A: An assessment becomes technically obsolete if it does not get reassessed within ten years. Species with older, published assessments are included for reassessment within the ongoing Global Species Assessments.


Q: I have new information on a species that has been assessed/reassessed within the last ten years. Can it be reassessed?


A: We are currently prioritizing the completion of the Global Species Assessments, and therefore reassessments of recently-assessed species are not presently a priority and will not be treated through the forum. Typically species with new information, especially those for which new information suggests an increase in extinction risk or taxonomic changes affecting a species concept (themselves often with corresponding changes in extinction risk), can be reassessed within the ten-year time period. This is best done through a direct approach to the relevant Specialist Group or Red List Authority (see contact details in the Amphibian and Reptile Specialist Groups page here).


Q: I have provided information on a species for its reassessment in the forum. When will it be published on the Red List?


A: The short answer is that it will depend. The forum should facilitate this by providing an open platform with well-defined dates, but after adding expert input each assessment needs to be reviewed by two independent reviewers, and once it is passed it needs to go through a consistency check by the Red List Unit. Even after an assessment is consistency-checked and passed, it needs to wait for a Red List launch date, as assessments are not posted as they are finalized. We will strive to have the assessment process concluded as soon as possible, and to keep specialists updated about the publication process for species they have helped to assess.


Q: There is a species that I really think should be reassessed as soon as possible because of threats, legislation and/or opportunity for conservation action. Is there a way that this assessment could be fast-tracked?


A: Yes. If a species is demonstrably at high risk of extinction and there is a pressing need for a quick turnaround, it may be possible to attempt to speed up certain parts of the publication process.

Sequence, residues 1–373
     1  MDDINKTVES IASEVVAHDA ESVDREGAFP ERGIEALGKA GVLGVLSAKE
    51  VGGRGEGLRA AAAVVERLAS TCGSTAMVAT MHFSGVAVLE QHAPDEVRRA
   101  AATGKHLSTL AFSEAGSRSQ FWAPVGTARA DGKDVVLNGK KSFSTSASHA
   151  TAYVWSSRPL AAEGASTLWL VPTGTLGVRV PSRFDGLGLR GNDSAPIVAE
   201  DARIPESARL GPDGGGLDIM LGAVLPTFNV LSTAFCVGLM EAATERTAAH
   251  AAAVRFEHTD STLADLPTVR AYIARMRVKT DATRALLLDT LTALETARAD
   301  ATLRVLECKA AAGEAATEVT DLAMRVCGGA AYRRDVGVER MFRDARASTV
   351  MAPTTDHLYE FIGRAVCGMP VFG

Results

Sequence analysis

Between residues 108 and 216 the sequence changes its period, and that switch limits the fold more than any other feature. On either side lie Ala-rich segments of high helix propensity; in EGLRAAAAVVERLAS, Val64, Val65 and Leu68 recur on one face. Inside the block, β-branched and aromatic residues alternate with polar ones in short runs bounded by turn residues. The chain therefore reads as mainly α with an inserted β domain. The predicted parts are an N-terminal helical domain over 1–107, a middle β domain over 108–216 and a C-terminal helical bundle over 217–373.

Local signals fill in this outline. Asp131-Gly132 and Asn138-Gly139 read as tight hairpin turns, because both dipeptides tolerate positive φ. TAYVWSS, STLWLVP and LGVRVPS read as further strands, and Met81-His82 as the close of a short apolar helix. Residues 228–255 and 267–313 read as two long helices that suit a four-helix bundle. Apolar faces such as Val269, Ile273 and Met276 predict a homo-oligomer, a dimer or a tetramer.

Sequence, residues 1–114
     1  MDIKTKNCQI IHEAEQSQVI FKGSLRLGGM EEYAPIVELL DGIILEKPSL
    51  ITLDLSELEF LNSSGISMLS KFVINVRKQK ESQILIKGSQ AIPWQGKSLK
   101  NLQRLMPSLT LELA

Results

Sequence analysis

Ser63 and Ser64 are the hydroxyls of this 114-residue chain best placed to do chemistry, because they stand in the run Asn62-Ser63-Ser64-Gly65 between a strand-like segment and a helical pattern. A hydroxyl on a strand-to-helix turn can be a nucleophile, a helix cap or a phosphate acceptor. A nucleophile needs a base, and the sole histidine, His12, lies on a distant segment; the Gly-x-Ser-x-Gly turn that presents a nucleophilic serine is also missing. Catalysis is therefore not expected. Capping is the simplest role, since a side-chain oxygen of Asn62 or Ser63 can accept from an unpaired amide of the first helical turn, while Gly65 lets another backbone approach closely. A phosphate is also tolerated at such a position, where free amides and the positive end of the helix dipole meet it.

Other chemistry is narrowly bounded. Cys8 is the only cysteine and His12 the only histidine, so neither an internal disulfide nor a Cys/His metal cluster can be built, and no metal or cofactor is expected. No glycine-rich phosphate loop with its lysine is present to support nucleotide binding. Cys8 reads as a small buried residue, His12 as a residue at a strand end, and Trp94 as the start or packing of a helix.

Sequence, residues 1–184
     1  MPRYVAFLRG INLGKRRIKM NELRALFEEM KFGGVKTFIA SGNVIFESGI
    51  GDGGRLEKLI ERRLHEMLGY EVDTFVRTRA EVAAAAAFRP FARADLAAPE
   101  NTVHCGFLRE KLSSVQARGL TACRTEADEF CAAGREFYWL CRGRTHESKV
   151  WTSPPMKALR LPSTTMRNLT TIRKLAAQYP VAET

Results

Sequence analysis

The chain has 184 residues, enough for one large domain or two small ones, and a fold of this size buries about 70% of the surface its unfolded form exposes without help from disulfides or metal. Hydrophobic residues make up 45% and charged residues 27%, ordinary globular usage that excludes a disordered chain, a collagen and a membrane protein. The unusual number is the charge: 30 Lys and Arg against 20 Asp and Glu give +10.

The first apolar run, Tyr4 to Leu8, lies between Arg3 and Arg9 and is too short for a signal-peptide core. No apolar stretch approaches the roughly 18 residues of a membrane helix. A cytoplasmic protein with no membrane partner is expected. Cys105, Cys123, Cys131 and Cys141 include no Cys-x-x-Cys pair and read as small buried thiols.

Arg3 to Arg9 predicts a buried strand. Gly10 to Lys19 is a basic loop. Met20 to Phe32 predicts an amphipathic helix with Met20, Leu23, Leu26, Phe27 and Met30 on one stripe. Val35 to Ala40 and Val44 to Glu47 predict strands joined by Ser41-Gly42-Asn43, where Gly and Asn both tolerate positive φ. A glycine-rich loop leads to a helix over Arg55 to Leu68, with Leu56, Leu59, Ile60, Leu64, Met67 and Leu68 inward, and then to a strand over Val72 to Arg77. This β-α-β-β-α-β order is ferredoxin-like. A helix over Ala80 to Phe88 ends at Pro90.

Q: The documentation in previous assessments with which I’ve been involved seems to differ to the documentation used in current assessments. Why are you asking for additional information in newer assessments?


A: Justification of an assessment relies on having very explicit documentation that facilitates understanding the reasons why a species is assessed in any one particular category. Making both the rationale and the supporting documentation more explicit in terms of supporting documentation (e.g. estimated extent of occurrence, area of occupancy, severe fragmentation, number of threat-defined locations and nature, extent and intensity of a threat, to name some key elements) makes the assessment more robust and easier to understand to someone who was not directly involved in it.


Q: I have sent information on one or more species a while ago and I don’t see a new reassessment for this species, either on this forum or on the Red List. Why is this happening?


A: Unfortunately we are operating at very low resources at this time, which does not enable us to address the backlog of updates that need to be encompassed into the Red List at the same rate as the information that is being generated.


Q: I would like to get some more Red List documents to help me in the assessment process. Where can I access those?


A: You can download the documents directly from the Red List website or from the Red List Documentation section of this website [link].


Q: I would like to propose a species for reassessment in the forum. What do I need to do?


A: Write to us (Philip Bowles)[add email link] or if you know the person who is coordinating an assessment for your region you can write directly to him/her.